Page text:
When I first started learning .NET back in 2005, I bought an ASP.NET 2.0 in 24 Hours type book to get the ball rolling. .NET was my first managed language, so it all was pretty new to me. I had spent plenty of time writing in C/C++ and PHP. I didn’t care about security, I just wanted it to work. Fast forward a few years and I’m now a security guy. When I read how-to books now, I’m always looking for security vulnerabilities in sample code. This is a common problem and really starts new programmers on the wrong foot. I completely understand wanting to make sample code very easy to understand, but if we keep security an advanced topic, it never gets read. I’m guilty of reading 2/3rd of a programming book and then not finishing it because I want to go code. We need to build security into every step of our curricula just as we do our SDLCs.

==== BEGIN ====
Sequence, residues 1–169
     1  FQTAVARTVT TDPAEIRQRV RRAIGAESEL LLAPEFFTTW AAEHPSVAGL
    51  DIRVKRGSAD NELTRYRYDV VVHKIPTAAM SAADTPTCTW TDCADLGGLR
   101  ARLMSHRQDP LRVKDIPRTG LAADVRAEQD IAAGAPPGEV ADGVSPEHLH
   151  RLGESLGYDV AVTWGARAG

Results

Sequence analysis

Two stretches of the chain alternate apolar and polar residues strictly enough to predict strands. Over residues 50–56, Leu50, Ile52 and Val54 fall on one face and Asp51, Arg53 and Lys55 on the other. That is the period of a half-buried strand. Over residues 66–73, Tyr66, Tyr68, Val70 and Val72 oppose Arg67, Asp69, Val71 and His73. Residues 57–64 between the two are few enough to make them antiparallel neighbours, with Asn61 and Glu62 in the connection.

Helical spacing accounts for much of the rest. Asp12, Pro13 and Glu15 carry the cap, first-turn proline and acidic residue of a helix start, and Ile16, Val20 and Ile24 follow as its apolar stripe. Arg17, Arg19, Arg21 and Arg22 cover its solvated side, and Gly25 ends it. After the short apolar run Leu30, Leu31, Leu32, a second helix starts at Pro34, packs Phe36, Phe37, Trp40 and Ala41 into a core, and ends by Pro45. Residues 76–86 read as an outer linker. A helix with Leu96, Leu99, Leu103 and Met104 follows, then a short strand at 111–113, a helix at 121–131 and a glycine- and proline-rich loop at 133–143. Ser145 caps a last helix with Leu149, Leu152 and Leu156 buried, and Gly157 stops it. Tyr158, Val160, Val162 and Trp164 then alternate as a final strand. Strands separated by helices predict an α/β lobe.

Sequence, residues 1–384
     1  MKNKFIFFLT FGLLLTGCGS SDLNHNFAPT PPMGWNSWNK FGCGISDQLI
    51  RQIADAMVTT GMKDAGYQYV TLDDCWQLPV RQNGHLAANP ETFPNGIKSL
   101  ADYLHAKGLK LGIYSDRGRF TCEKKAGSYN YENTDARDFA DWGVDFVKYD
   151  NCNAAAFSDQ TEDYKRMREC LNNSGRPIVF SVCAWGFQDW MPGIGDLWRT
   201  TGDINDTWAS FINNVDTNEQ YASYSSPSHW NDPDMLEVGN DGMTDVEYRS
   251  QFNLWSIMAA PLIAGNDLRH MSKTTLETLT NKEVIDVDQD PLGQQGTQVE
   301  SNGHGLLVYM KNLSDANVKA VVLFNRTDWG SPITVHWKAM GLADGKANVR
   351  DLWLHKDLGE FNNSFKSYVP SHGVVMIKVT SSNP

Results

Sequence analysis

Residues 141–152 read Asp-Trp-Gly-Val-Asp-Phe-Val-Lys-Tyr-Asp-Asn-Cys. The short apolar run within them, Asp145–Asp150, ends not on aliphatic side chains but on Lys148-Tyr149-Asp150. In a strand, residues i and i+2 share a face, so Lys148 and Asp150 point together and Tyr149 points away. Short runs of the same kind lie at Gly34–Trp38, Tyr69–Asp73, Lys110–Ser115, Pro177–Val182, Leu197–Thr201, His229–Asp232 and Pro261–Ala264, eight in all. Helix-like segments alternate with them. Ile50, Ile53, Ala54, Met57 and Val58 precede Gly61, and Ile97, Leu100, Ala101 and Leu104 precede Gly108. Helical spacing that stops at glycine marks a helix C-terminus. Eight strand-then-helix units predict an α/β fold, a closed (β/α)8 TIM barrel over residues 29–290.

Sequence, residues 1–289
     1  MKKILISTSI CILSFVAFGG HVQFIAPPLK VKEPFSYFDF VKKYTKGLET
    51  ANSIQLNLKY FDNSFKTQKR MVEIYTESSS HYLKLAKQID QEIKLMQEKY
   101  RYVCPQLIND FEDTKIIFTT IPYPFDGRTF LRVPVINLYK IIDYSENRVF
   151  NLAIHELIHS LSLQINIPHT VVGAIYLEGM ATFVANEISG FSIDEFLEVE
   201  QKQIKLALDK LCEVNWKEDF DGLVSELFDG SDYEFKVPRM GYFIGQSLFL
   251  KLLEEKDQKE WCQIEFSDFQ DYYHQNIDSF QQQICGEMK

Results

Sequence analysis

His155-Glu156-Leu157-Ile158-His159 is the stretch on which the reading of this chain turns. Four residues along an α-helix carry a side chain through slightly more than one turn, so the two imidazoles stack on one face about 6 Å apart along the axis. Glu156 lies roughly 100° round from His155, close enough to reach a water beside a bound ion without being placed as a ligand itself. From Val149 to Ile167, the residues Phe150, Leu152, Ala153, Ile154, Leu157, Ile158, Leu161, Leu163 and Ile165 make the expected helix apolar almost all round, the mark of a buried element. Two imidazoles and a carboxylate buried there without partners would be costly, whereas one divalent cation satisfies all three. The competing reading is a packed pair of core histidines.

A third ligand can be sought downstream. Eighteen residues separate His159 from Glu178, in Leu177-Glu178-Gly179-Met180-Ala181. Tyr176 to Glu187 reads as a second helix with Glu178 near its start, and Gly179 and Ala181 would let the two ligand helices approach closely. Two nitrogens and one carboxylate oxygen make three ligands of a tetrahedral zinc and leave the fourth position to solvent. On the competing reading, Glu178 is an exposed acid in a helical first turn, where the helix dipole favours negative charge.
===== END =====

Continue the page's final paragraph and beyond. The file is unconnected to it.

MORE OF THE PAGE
This weekend I was looking at a Microsoft tutorial on MVC 3. They have a basic example of a HelloWorld app that echoes out a name from the GET request. When I saw them setting up the example, I quickly thought cross-site scripting.
I was surprised to see the HtmlEncode method there, well done Microsoft! While this function only partially fixes the problem (HtmlEncode from the HttpUtility class only HTML encodes certain characters, so XSS is still possible but difficult). Using the AntiXss library would have been better. They also don’t explain why they HTML encoded the output. A simple paragraph stating we do this to fight XSS and here’s a link for more info would have been good. Nevertheless, I was happy to see this. My hat’s off to you Microsoft.